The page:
• 53. 16.5 Coulomb’s LawUnit of charge: coulomb, CThe proportionality constant in Coulomb’slaw is then: Charges produced by rubbing are typically around a microcoulomb:
  • 54. 16.5 Coulomb’s LawCharge on the electron:Electric charge is quantized in unitsof the electron charge.
  • 55. 16.5 Coulomb’s LawThe proportionality constant k can also bewritten in terms of , the permittivity of freespace: (16-2)
  • 56. Problem-Solving Strategies1. Read, draw, and label a sketch showing all given information in appropriate SI units.2. Do not confuse sign of charge with sign of forces. Attraction/Repulsion determines the direction (or sign) of the force.3. Resultant force is found by considering force due to each charge independently. Review module on vectors, if necessary.4. For forces in equilibrium: ΣFx = 0 = ΣFy = 0.
  • 57. 16.5 Coulomb’s LawCoulomb’s law strictly applies only to point charges.Superposition: for multiple point charges, the forceson each charge from every other charge can becalculated and then added as vectors.
  • 58. Summary of Formulas: Like Charges Repel; Unlike Charges Attract. Like Charges Repel; Unlike Charges Attract. kqq N ⋅m 2 F= 2 k =9 x 109 r C2 1 µC = 1 x 10-6 C C 1 µ = 1 x 10-6 C 1 nC = 1 x 10-9 C 1 nC = 1 x 10-9 C1 pC = 1 x 10-12 C1 pC = 1 x 10-12 C 1 electron: e-- = -1.6 x 10-19 C 1 electron: e = -1.6 x 10-19 C
  • 59. 16.6 Solving Problems Involving Coulomb’s Law and VectorsThe net force on a charge is the vectorsum of all the forces acting on it.
  • 60. 16.6 Solving Problems InvolvingCoulomb’s Law and VectorsVector addition review:
  • 61. 16.7 The Electric FieldThe electric field is theforce on a small charge,divided by the charge: (16-3)
  • 62. 16.7 The Electric FieldFor a point charge: (16-4a) (16-4b) 11.5
  • 63. 16.7 The Electric FieldForce on a point charge in an electric field: (16-5)Superposition principle for electric fields:
  • 64. 16.7 The Electric FieldProblem solving in electrostatics: electric forces and electric fields1. Draw a diagram; show all charges, with signs, and electric fields and forces with directions2. Calculate forces using Coulomb’s law3. Add forces vectorially to get result
  • 65. 16.8 Field LinesThe electric field can be represented by fieldlines. These lines start on a positive chargeand end on a negative charge.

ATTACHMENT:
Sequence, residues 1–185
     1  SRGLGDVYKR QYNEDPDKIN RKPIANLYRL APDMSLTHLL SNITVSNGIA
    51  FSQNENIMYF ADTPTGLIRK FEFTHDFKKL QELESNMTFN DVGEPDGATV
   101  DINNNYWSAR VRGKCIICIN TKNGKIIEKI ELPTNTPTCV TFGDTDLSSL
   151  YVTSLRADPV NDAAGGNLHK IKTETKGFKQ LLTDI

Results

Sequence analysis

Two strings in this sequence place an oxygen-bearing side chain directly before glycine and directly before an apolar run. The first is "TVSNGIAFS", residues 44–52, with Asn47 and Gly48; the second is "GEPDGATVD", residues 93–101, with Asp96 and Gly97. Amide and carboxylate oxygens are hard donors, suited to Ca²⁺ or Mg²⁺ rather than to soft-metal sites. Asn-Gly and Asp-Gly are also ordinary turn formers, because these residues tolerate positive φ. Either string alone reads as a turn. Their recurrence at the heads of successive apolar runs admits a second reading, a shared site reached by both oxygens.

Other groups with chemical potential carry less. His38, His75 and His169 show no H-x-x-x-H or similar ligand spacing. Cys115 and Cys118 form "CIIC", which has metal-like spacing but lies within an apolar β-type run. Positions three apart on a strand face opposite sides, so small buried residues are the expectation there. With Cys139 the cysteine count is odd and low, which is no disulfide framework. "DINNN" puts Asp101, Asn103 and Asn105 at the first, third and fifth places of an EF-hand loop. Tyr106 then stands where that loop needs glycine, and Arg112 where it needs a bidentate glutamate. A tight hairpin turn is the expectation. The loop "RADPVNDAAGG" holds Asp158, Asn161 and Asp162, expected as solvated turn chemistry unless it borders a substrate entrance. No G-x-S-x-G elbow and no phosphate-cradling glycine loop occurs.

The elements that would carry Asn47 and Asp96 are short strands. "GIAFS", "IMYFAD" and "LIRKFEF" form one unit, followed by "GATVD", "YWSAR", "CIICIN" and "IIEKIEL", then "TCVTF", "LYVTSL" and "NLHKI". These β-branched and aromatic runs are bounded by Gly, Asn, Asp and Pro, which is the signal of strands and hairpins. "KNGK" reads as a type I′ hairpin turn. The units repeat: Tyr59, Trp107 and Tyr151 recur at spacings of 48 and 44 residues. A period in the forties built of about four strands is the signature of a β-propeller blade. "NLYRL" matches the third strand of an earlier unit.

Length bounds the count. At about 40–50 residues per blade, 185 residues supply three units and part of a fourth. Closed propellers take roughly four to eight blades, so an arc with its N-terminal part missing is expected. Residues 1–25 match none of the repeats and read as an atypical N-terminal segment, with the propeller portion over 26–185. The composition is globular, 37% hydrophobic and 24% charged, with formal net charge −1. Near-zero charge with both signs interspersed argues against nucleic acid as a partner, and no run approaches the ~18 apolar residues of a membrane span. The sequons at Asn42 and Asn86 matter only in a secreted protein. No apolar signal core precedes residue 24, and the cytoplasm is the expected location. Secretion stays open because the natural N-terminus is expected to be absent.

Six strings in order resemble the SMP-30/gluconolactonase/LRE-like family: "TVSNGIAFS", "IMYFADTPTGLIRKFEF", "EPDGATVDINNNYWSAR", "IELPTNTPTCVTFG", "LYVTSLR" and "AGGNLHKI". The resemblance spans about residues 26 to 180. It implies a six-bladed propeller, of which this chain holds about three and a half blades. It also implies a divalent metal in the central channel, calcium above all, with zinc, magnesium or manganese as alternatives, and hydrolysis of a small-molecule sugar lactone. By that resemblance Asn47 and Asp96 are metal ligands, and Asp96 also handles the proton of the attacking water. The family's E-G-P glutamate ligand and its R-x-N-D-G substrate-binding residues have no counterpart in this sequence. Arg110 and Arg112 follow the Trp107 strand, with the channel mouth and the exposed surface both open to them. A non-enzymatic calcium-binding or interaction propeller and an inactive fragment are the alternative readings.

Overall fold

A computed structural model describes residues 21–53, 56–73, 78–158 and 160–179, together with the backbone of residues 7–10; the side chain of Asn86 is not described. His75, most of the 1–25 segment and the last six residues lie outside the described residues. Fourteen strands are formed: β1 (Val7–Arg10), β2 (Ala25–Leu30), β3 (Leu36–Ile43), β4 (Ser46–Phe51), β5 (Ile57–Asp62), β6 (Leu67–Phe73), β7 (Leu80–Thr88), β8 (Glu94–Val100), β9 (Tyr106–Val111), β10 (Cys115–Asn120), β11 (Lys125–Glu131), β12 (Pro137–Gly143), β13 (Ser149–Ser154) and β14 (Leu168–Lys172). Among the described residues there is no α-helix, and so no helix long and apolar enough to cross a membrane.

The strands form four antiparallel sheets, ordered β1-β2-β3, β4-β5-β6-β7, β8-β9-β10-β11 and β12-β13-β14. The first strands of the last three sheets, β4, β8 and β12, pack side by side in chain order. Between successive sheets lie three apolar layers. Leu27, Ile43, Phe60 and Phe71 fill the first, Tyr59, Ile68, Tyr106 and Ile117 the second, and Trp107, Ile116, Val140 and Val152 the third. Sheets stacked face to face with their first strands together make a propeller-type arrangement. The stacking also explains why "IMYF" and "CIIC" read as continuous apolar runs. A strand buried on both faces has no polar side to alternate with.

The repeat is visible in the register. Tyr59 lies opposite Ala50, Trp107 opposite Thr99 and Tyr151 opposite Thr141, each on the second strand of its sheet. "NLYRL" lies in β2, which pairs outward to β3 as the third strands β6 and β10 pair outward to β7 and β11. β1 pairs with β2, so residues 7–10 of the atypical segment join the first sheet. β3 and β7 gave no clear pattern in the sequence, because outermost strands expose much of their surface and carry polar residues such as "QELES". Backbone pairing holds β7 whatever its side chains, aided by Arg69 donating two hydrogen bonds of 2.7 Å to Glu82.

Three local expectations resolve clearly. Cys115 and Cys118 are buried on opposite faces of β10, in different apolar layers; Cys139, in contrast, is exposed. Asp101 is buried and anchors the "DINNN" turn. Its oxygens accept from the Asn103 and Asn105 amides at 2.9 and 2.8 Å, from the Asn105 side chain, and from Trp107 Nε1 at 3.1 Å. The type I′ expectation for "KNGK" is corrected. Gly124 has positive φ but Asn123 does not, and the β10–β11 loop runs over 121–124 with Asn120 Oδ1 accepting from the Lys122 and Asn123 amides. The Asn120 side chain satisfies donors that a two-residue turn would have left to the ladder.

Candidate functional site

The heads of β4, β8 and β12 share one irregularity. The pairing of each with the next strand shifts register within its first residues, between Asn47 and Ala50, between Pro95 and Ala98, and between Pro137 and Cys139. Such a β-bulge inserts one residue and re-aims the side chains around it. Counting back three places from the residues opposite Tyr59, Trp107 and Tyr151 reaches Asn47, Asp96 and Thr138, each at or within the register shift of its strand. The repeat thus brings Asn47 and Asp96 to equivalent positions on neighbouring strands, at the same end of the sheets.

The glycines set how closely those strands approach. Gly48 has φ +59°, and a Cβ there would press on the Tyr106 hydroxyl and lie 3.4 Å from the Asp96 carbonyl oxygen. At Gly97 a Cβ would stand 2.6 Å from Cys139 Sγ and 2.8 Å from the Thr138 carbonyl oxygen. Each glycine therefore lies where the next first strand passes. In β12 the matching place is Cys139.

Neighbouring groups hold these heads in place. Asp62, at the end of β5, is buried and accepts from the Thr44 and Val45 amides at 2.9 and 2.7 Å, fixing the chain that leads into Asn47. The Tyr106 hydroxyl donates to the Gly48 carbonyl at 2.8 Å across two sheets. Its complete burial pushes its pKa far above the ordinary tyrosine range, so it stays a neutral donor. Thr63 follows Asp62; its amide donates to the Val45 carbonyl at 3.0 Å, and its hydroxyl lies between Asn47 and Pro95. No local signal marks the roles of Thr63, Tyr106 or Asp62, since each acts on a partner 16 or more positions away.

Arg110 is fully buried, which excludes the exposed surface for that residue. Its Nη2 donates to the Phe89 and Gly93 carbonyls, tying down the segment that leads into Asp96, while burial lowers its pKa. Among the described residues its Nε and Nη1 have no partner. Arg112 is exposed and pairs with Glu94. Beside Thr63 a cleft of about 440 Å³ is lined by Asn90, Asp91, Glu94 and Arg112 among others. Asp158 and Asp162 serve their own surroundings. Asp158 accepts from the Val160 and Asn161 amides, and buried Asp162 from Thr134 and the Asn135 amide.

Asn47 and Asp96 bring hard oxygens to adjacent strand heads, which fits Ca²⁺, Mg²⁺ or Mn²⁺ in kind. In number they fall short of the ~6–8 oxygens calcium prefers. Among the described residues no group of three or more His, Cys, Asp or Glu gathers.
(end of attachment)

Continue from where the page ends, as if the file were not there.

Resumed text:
• 66. 16.8 Field LinesThe number of field lines starting (ending)on a positive (negative) charge isproportional to the magnitude of the charge.The electric field is stronger where the fieldlines are closer together.
  • 67. 16.8 Field Lines Examples of E-Field Lines Two equal but Two identical opposite charges. charges (both +).Notice that lines leave + charges and enter - charges.Also, E is strongest where field lines are most dense.
  • 68. 16.8 Field Lines The electric field between two closely spaced, oppositely charged parallel plates is constant.
  • 69. 16.8 Field LinesSummary of field lines:1. Field lines indicate the direction of the field; the field is tangent to the line.2. The magnitude of the field is proportional to the density of the lines.3. Field lines start on positive charges and end on negative charges; the number is proportional to the magnitude of the charge.
  • 70. 16.9 Electric Fields and ConductorsThe static electric field inside a conductor iszero – if it were not, the charges would move.The net charge on a conductor is on itssurface.
  • 71. 16.9 Electric Fields and Conductors The electric field is perpendicular to the surface of a conductor – again, if it were not, charges would move.
  • 72. 16.10 Gauss’s Law Electric flux: 11.6 (16-7) Electric flux through an area is proportional to the total number of field lines crossing the area.
  • 73. 16.10 Gauss’s LawFlux through a closed surface:
  • 74. 16.10 Gauss’s LawThe net number of field lines through thesurface is proportional to the chargeenclosed, and also to the flux, givingGauss’s law: (16-9)This can be used to find the electric fieldin situations with a high degree ofsymmetry.
  • 75. The Density of Field Lines Gauss’s Law: The field E at any point in spaceGauss’s Law: The field E at any point in space is proportional to the line density σ at that point.is proportional to the line density σ at that point. Gaussian Surface Line density σ ∆N r ∆A ∆N σ= Radius r ∆A
  • 76. Gauss’s Law Gauss’s Law: The net number of electric field Gauss’s Law: The net number of electric field lines crossing any closed surface in an outward lines crossing any closed surface in an outward direction is numerically equal to the net total direction is numerically equal to the net total charge within that surface. charge within that surface. N = Σε 0 EA = ΣqIf we represent q as net enclosed qpositive charge, we can write ΣEA =rewrite Gauss’s law as: ε0